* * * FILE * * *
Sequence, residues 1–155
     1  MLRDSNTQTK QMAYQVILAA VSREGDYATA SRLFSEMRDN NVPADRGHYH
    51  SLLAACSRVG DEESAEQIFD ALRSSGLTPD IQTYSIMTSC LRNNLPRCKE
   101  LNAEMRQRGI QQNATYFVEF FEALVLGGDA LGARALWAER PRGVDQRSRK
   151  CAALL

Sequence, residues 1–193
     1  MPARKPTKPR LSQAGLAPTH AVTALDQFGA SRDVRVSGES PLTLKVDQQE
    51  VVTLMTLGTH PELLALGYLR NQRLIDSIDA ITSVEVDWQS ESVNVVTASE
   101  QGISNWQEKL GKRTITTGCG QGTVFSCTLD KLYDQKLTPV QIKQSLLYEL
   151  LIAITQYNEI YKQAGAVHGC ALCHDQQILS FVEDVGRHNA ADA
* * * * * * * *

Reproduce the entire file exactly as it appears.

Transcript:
Sequence, residues 1–155
     1  MLRDSNTQTK QMAYQVILAA VSREGDYATA SRLFSEMRDN NVPADRGHYH
    51  SLLAACSRVG DEESAEQIFD ALRSSGLTPD IQTYSIMTSC LRNNLPRCKE
   101  LNAEMRQRGI QQNATYFVEF FEALVLGGDA LGARALWAER PRGVDQRSRK
   151  CAALL

Sequence, residues 1–193
     1  MPARKPTKPR LSQAGLAPTH AVTALDQFGA SRDVRVSGES PLTLKVDQQE
    51  VVTLMTLGTH PELLALGYLR NQRLIDSIDA ITSVEVDWQS ESVNVVTASE
   101  QGISNWQEKL GKRTITTGCG QGTVFSCTLD KLYDQKLTPV QIKQSLLYEL
   151  LIAITQYNEI YKQAGAVHGC ALCHDQQILS FVEDVGRHNA ADA